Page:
Posted by Library Blog
10/28/2011 at 10:15 AM
Like HeinOnline?  “There’s an App for That!” iPhone and iPad users can now access the Law School’s HeinOnline subscription anywhere via a dedicated application.  Download the free HeinOnline app from the AppStore and then complete this setup while on campus: Add the RWU proxy server information to your device wireless settings: 1. Go to your iPhone or iPad general "Settings" Tap "Wi-Fi” Log into the applicable Wi-Fi  network (Students1 or Academics) Next tap the blue arrow that appears next to the applicable Wi-Fi  network Scroll down to the bottom of the page. Under HTTP...
Posted by Library Blog
10/21/2011 at 02:49 PM
As you work on your legal and non-legal writing pieces while here at the law school, the law library has excellent manuals you can consult to get a more polished result.  Some of the manuals are: Chicago Manual of Style (16th ed. 2010 and online).  Reference, Z253 .U69 2010 Guide to Legal Writing Style (5th ed. 2011).  KF250 .L435 2011 A Manual of Style for Contract Drafting (2d ed. 2008).  Reserve, KF807 .A33 2008 MLA Style Manual and Guide to Scholarly Publishing (3d ed. 2008).  Reference, PN147 .G53 2008 The Modern Rules of Style (2007).  Reference, KF250 ....
Posted by Library Blog
10/13/2011 at 10:54 AM
Using the Law Library databases from home is easy!  The key is to use the database list on the law library’s website, where the links have been proxied for off-campus use.  Bookmark the URL /library/research-resources/databases for the database list so that you will have it handy on your home computer.  Select the database of your choice (excluding LexisNexis and Westlaw, which require individual passwords).  At the prompt, type your name (e.g. Jane Smith) and the barcode number from the back of your law school ID.  Note that the database links begin with http://0-...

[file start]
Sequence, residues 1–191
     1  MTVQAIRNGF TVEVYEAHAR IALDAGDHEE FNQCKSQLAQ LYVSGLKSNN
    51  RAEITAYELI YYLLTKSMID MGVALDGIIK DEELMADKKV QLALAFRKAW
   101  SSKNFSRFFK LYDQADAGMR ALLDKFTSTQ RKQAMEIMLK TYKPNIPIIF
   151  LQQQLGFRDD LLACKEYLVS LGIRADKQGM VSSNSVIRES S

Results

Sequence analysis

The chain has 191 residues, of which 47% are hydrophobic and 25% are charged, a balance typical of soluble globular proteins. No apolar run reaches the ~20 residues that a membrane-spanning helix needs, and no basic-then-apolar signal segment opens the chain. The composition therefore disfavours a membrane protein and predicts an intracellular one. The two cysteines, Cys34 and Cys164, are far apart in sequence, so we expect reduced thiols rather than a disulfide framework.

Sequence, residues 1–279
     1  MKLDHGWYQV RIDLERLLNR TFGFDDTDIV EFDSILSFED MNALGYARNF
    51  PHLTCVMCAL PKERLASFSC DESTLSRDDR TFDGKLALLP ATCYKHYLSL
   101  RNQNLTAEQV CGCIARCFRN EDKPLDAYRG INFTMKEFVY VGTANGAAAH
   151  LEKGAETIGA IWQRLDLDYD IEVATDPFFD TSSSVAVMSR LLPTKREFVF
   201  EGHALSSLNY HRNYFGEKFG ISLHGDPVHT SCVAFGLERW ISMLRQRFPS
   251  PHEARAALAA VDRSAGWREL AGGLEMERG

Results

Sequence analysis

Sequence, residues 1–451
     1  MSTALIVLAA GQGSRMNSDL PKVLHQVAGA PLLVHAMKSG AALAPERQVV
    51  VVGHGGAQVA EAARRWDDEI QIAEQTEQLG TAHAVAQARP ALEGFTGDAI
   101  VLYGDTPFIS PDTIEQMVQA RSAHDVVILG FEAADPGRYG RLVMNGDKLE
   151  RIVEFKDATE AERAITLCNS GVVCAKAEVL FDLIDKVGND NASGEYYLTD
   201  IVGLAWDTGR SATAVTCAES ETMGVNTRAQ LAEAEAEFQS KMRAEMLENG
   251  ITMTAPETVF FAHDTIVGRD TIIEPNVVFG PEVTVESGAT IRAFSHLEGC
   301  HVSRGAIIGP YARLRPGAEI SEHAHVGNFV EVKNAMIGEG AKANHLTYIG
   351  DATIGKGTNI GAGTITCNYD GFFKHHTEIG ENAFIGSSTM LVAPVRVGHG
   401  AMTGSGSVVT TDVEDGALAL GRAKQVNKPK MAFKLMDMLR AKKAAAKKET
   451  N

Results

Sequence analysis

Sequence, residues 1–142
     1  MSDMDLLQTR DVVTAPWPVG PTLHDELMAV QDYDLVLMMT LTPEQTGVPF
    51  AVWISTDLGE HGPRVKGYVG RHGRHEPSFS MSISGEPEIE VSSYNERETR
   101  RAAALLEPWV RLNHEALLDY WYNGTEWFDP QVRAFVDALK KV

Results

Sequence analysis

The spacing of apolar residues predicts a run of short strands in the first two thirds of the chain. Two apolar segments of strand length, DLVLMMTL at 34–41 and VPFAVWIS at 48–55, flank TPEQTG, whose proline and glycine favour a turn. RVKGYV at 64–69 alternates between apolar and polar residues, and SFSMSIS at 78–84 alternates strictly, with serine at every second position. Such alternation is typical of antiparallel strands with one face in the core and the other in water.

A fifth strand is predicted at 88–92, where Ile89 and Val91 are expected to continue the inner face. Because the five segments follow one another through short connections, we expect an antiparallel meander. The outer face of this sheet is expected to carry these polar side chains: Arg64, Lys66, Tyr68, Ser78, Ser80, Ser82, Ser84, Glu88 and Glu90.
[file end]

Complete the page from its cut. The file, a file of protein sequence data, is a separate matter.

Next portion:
Posted by Library Blog
10/07/2011 at 12:23 PM
 A great resource for research involving materials generated by Congress and the President is ProQuest Congressional (formerly LexisNexis Congressional).  House and Senate materials include bills, hearings, reports, and floor debates.  You can locate presidential statements that frequently accompany the signing of important bills into law.  The database also provides access to full-text reports from the Congressional Research Service, a division of the Library of Congress.  CRS reports offer in-depth, non-partisan policy and legal analysis of the hundreds of...
Posted by Library Blog
09/30/2011 at 09:49 AM
In preparation for the upcoming visit of Associate Justice Stephen Breyer, Associate Law Librarian Lucinda Harrison-Cox has created a display in the lobby of the law school building.  Take note of the number of faculty who have submitted briefs to the U.S. Supreme Court!  In addition to the display, the law library has created a guide to various resources for researching the Court, including a few mentioned here. To provide information about the current term, the law library forwards a weekly email to all law students containing highlights from the BNA (Bureau of National Affairs) U...